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Well, today is Earth Day, and I would personally like to thank the Earth for putting up with me for 20 years. I think all of us can agree that we really take our planet for granted. From throwing a plastic bottle out of your car window to giant coal power plants spewing toxic gasses into the air - we treat our planet like a punching bag.

Now I'm not going to sit here and write about all of the negatives, we should be looking at the positives! We have made tremendous strides in recent years to combat climate change here in the United States and abroad, through The Paris Agreement signed by over 143 countries including both the United States and China.

Our work here in the United States is not over yet. We still have a long way to go before we can reverse some of the damage done by us in the past. Below I have highlighted some of the effects that climate change is having on our home, the Jersey Shore.


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    It's pretty scary how many people that will dismiss the changes of temperatures as a theory for climate change. Just because we have gotten warmer than normal days throughout the time you have been alive, doesn't mean that it's NOT a problem.

    To properly put this into perspective, I will turn to this previous winter. Two days after Christmas, on December 27th it was 63 degrees. According to Accuweather, the average temperature was 43 degrees. That is a 20-degree difference.  That trend continued not only throughout the month of December but throughout the winter as well. Yes, we still got snow, and very bitter temperatures this winter, HOWEVER, I encourage you to look at the line graph of the average temperatures in December, here.

    Getty Images/iStockphoto
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    Rising Sea Levels

    Superstorm Sandy struck a nerve on the east coast, and more specifically right here in Ocean County, in Seaside Heights. It showed that the calm and peaceful waves could turn violent with the right weather patterns. The New York Times released an article shortly after Sandy that highlights what the Jersey Shore would loose in terms of land if countries throughout the world keep on our current course of polluting the Earth.

    This map actually made me worry for future generations. According to this interactive map, in about 100 years, with our current course, sea levels would rise up to five feet. With this, the barrier islands would start to disappear, and Atlantic City and the Meadowlands would be flooded. By the year 2300, "Downtown Newark, downtown Jersey City, Atlantic City, most of the state's coastal towns and the Cape May peninsula are all gone."

    Getty Images
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    Meteorologist Dan Zarrow does a pretty awesome job of keeping you up to date with the latest on storm systems that enter our area and dump massive amounts of rain (or snow). New Jersey has always been notoriously wet. So much, in fact, that with the onset of the Industrial Revolution the Jersey Shore has seen on average much more rain than before. A few years ago, in 2011, the record was broken for the most amount of precipitation in the history of the state (or when we started recording in the early 1800s).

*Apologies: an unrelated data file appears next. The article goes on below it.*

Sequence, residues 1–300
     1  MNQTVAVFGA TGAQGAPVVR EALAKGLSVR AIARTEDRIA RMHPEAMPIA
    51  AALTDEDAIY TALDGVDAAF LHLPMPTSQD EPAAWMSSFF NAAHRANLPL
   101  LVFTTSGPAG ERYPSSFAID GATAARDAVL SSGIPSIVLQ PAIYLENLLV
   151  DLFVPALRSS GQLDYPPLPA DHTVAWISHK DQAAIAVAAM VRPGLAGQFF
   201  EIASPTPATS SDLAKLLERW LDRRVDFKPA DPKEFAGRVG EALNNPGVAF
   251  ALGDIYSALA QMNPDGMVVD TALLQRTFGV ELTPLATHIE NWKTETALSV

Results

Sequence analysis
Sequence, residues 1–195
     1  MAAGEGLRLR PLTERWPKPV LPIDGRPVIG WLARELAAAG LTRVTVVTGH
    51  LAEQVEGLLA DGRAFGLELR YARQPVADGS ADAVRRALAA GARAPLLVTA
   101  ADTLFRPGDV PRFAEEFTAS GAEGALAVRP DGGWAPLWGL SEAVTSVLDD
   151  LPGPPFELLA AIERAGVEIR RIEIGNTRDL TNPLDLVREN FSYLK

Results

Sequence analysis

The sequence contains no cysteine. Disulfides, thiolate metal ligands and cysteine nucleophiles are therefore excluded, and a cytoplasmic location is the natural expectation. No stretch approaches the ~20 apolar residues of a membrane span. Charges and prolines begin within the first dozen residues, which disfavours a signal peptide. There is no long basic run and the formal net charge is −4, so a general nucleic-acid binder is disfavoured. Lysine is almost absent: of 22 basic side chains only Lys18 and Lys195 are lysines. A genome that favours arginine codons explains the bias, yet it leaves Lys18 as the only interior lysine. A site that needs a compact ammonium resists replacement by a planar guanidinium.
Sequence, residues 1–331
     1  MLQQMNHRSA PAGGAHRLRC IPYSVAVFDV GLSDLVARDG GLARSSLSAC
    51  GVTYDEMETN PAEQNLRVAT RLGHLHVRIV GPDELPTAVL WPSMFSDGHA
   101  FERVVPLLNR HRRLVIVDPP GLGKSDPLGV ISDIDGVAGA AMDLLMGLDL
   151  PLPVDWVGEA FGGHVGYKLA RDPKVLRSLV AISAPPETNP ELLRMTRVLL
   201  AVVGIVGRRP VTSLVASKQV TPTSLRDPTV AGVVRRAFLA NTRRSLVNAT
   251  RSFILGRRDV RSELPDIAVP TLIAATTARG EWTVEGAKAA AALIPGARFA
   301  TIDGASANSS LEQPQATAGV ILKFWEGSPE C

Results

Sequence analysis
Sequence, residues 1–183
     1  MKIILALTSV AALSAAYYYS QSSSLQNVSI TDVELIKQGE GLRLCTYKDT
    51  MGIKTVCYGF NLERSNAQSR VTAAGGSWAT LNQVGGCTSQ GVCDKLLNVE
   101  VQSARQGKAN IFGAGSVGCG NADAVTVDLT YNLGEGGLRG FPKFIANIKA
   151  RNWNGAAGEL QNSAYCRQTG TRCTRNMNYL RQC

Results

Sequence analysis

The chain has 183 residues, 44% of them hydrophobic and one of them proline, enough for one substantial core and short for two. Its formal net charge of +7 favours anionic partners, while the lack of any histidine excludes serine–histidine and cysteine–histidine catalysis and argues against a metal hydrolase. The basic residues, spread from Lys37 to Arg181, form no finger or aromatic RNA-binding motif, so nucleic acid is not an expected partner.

So why is more rain and snow bad? Well for starters, the biggest reason, it can cause a massive amount of flooding along the coastline. Those living in Seaside Heights or Point Pleasent Beach would be able to tell you all about it. According to an article posted in 2011 to, some of the most major floods happened in 1999, 2004, 2005, 2006, 2007, 2010, and 2011. Now keep in mind, while this article was posted back in 2011, do you see a trend?

    Christian Miller
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    Salt Water Intrusion

    The Environmental Protection Agency, more commonly known as the EPA, released a Climate Change outlook and noted that "Salt Water Intrusion" is a huge factor in Climate Change here at the Jersey Shore.

    So what exactly is "Salt Water Intrusion"? The EPA says "As sea level rises, salt water can mix farther inland or upstream in bays, rivers, and wetlands. Because water on the surface is connected to ground water, salt water can also intrude into aquifers near the coast."

    This could, in turn, lead to pure drinkable water in aquifers underground to become contaminated with salt water and render it undrinkable. While the outlook didn't mention that this process was already happening, it is possible, and when it does happen the results will be detrimental.

    Dead peanut bunker in Waackaack Creek in Keansburg. (NJ DEP)
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    Human Health

    So how exactly do Climate Change and your health go hand and hand? Well, believe it or not, it does, and when you hear some of the evidence provided, you'll probably be shocked.

    For this section, I will be using Lymes Disease as my example. According to the EPA, "The ticks that transmit Lyme disease are active when temperatures are above 45°F, so warmer winters could lengthen the season during which ticks can become infected or people can be exposed to the ticks." 

    Noted above I mentioned temperature changes and focused on temperatures throughout the Garden State increasing, especially during this past winter. The Center for Disease Control showed that in 2014 and 2015 there were slight decreases in Lymes Disease cases, but this is probably due in part from advancements in repellants. With that being said, if temperatures were not increasing, we should be seeing a rapid decrease of cases in the thousands rather then the hundreds.

    Wavebreakmedia Ltd